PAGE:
MILLIONS of trees throughout Yorkshire and Humberside are at risk of the fungal disease Ash Dieback.

Simon Rochester, a senior forestry manager at Savills in York, said that with an estimated 8.6 million Ash trees in the region at risk, land and woodland owners needed to decide how to manage their woodlands and roadside trees to manage the disease.

Research suggests that only one to five per cent of the country’s native Ash trees will have genetic tolerance to the disease.

While a breeding programme has been started to generate stocks of resilient native Ash to plant in the future in the medium term we face the near total loss of Ash from our countryside.

Ash Dieback, to which there is no cure, was first identified in the south of UK in 2012 and has spread throughout the majority of the UK.

Simon said: “There are around 8,800 hectares of woodland across Yorkshire and Humberside which have Ash as a component or the major species. Aside from the species and associated habitat loss, land and woodland owners will need to decide on how to manage their woodlands and roadside trees to manage this disease as effectively as possible.

“As you drive or walk through the region’s countryside you can see affected Ash trees along roadsides and within woodlands.

"Heavily affected trees can become brittle and unstable relatively quickly – sometimes within two to three years - making them dangerous to climb or to fell.

"This factor presents a particular problem and hazard if the trees are alongside roads, in areas of public access or near property.

“Land owners and managers who have Ash trees on the land holding have some decisions to make over their approach to the situation.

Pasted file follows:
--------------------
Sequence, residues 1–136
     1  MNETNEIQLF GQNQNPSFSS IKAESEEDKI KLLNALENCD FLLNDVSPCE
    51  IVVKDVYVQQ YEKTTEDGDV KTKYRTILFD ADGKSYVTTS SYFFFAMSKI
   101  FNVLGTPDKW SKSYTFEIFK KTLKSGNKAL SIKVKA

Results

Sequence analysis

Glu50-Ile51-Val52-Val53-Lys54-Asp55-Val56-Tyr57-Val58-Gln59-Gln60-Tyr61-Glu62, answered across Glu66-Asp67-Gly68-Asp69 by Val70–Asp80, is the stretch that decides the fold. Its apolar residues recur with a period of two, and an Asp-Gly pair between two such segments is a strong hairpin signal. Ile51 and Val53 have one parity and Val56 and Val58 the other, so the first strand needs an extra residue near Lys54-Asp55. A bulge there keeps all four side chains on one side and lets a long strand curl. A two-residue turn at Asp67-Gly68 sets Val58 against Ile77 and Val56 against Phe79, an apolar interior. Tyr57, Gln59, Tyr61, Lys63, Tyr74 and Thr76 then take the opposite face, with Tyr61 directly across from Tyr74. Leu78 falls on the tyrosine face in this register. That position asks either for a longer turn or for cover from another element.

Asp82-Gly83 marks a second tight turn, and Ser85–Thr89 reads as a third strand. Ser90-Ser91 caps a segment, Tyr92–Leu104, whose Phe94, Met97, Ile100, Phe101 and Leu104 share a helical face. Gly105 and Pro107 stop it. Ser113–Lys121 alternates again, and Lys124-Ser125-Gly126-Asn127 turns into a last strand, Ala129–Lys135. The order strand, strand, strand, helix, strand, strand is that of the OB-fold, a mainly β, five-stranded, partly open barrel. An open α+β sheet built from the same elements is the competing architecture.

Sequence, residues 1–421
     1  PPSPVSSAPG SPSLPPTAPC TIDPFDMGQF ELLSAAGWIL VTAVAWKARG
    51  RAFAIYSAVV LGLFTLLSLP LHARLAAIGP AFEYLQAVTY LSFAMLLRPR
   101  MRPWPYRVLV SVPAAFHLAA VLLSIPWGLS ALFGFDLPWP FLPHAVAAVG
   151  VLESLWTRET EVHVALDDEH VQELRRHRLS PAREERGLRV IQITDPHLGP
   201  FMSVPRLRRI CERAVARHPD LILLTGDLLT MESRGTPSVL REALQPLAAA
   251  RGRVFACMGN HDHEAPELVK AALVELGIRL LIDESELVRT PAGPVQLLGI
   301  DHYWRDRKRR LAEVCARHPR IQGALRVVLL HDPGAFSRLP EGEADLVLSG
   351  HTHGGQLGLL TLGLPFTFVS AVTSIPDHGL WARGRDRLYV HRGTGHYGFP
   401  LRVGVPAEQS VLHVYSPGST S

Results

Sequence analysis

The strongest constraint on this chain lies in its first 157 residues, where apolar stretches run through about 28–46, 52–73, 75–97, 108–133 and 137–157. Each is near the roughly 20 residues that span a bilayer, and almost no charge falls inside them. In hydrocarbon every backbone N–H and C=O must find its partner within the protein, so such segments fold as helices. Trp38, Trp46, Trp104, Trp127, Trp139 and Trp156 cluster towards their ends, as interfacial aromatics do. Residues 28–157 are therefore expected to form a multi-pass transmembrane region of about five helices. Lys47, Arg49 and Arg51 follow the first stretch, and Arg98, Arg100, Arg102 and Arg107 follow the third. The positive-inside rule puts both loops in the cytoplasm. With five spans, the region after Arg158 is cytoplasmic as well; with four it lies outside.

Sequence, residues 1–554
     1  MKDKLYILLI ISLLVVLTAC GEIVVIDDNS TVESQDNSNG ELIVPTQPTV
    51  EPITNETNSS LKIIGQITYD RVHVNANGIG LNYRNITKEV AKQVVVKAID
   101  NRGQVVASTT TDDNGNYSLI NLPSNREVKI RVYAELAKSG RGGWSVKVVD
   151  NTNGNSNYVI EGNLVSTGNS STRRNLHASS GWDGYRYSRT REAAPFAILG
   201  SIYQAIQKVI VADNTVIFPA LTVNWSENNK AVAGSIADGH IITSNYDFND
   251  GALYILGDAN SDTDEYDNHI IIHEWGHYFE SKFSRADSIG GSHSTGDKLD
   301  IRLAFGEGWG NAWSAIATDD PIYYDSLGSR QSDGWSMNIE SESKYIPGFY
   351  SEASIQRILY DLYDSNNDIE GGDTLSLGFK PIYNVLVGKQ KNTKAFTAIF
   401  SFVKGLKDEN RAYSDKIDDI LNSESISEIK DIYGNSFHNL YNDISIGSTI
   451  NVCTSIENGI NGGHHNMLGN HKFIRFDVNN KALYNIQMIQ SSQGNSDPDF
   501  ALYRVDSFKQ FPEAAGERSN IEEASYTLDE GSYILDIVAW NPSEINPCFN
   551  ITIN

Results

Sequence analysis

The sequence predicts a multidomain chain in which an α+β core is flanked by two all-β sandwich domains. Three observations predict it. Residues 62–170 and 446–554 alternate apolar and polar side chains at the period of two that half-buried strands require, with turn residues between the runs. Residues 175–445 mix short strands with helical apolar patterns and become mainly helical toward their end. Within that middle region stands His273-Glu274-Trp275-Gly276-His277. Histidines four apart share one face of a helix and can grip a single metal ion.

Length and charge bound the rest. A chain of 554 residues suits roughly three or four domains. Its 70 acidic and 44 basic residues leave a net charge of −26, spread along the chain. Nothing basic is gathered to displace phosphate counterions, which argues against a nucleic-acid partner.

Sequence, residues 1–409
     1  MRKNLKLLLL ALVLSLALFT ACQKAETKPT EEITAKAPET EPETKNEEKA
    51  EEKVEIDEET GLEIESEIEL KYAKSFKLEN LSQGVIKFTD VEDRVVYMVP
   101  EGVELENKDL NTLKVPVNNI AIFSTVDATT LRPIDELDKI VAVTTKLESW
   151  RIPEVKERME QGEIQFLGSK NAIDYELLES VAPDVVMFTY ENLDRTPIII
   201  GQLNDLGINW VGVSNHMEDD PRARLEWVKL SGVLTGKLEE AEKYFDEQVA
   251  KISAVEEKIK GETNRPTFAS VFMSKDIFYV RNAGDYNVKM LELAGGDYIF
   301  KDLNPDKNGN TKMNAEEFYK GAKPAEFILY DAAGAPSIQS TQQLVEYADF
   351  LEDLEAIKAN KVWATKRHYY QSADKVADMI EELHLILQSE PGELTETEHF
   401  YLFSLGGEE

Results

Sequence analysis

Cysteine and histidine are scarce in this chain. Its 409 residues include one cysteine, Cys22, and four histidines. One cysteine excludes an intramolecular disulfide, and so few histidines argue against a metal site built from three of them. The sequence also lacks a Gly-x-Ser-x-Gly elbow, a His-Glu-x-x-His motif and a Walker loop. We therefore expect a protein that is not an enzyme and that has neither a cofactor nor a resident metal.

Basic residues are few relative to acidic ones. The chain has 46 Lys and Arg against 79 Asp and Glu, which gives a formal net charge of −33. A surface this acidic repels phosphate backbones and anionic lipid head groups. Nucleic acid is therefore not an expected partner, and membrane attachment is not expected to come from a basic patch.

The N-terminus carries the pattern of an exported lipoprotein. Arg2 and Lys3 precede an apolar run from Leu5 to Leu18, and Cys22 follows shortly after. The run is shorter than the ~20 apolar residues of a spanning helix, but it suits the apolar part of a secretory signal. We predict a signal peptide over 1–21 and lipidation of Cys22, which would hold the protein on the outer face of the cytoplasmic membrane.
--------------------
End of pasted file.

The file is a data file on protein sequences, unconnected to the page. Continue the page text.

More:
"In these circumstances safety, planning and proactive management are key.

"Where the land holding has Ash trees in public access areas, and in order to understand the magnitude of the risk posed, it would be prudent to undertake a tree safety survey to not only highlight the extent of the Ash trees location and condition but also any other tree species which pose a safety risk and requires intervention works. For example, a woodland management plan can put in place a strategy for dealing with the disease.”

According to its latest research on the forestry market, the mutual benefits of this asset class are attracting public and investors’ interest.

Savills’ Research in April showed that the value of the UK forestry investment market was just over £121 million during the 2019 forest year (October 1, 2018 – September 30, 2019).

Analysis of the 2019 sales data showed the average gross forest value increased by 17 per cent to £9,900 per hectare, which translates to an increase of 25 per cent per net productive hectare to £13,100, a trend following previous years.

Although average values provide a basis for trend and comparative analysis, forestry values are diverse and price is dependent on a range of factors, including location, accessibility, tree species, average age and timber volume/quantity.